If you’ve read books in my Hunt for Jack Reacher series, you know that just like many Preppers, Jack Reacher is an expert at survival in any situation. Preppers, on the other hand, share a common goal of self-sufficiency and preparedness for catastrophes of all types. The key to every Prepper’s success is being ready for these occurrences long before they happen. Here’s a quick overview of how to prepare for earthquakes, fires, and floods.
According to the U.S. Geological Survey, earthquakes affect all 50 states, and 143 million Americans are at risk of destructive earthquakes. Taking some time to prepare your home for an earthquake can protect your family from serious harm.
The two greatest dangers of earthquakes are fires caused by gas leaks and falling objects.
To prevent fires, you should learn where your gas valve is and know how to turn it off immediately after an earthquake.
Ensuring that large objects aren’t situated over beds or couches, and that wall hangings are secured is also essential. Also, have latches installed on cabinets so the contents don’t come flying out.
Creating a fire-escape plan involves having all the necessary equipment for a safe escape. Put your plan into action with practice drills.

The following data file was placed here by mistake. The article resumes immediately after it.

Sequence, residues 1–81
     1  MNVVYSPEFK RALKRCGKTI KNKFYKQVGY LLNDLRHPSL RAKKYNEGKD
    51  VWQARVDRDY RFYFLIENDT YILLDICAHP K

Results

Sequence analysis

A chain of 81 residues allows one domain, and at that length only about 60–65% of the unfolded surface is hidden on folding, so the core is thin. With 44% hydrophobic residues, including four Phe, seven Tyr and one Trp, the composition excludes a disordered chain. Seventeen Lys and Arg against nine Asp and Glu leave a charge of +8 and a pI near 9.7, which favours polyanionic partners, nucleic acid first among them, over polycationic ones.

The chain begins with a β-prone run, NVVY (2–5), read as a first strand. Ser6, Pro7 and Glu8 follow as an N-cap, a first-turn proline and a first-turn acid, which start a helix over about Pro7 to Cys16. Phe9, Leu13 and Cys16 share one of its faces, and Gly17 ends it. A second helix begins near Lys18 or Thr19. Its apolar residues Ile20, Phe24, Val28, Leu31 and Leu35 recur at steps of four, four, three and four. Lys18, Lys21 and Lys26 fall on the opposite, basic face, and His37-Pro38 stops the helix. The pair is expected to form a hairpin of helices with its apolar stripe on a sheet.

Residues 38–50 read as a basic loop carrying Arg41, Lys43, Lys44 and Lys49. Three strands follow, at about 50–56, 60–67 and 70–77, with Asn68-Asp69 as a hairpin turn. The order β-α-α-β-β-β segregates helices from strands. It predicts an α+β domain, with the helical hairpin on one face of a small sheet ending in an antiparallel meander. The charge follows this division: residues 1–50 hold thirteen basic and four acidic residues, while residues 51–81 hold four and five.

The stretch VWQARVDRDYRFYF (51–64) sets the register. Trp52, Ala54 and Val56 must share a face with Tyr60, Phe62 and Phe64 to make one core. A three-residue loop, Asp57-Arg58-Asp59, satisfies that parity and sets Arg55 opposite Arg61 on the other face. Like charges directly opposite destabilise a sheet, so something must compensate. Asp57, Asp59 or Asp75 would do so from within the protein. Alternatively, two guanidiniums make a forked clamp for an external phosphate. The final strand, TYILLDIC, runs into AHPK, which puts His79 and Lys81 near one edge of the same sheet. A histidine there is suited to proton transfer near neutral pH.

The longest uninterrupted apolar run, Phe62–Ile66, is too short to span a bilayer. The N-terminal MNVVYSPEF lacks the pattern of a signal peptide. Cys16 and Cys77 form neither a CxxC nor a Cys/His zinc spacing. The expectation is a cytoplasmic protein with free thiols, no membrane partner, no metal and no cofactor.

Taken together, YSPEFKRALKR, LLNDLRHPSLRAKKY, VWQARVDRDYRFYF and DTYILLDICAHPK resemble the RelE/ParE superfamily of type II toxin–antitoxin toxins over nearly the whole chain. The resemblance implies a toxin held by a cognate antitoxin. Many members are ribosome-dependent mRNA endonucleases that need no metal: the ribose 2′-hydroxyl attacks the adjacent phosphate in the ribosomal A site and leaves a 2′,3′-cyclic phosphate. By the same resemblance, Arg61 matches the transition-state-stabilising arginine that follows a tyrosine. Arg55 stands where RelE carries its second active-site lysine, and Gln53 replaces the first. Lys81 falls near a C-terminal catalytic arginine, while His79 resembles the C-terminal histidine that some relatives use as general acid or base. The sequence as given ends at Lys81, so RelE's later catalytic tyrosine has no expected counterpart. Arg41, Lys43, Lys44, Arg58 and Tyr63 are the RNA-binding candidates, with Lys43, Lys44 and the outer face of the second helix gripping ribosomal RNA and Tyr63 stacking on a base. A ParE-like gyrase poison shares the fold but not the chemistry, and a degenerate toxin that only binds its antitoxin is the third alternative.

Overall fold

All members of the family should know where the fire extinguishers are located, as well as how to use them.
Another easy way to protect your home is to check the batteries in your smoke detectors twice a year.
Investing in a burn kit is a wise decision, along with having some basic knowledge of how to treat burns.
Since smoke inhalation accounts for a large portion of fire-related deaths, it is crucial to have fire-masks to protect against Carbon monoxide poisoning and other toxins.
Knowing the basics of flood safety is another essential safety skill. Nearly every area is at risk of flash flooding in the event of a freak storm or other disaster.
To determine how at-risk your home is you can visit FloodSmart.gov.
Most injuries that occur during flooding happen when people attempt to drive or walk through moving water.
As little as two feet of water can displace a vehicle and just six inches is enough to sweep adults off their feet.
Moving water can hide sharp objects and other dangerous items that could be tripped on. Direct contact with floodwater should also be avoided or limited as it is filled with dangerous chemicals and contaminants.
The best way to protect yourself is to identify multiple safety routes ahead of time that are less prone to flooding.
Having all of your important documents in one location is a good idea. If you can, unplug your appliances and raised them to a higher point before evacuating your home.
What say you? Do you have any survival skills or tips? I’d love to hear them!
The Hunt for Jack Reacher turns personal when the victims have a tenuous connection to Jack Reacher. Find out more in my latest Hunt for Jack Reacher thriller, Prepper Jack.
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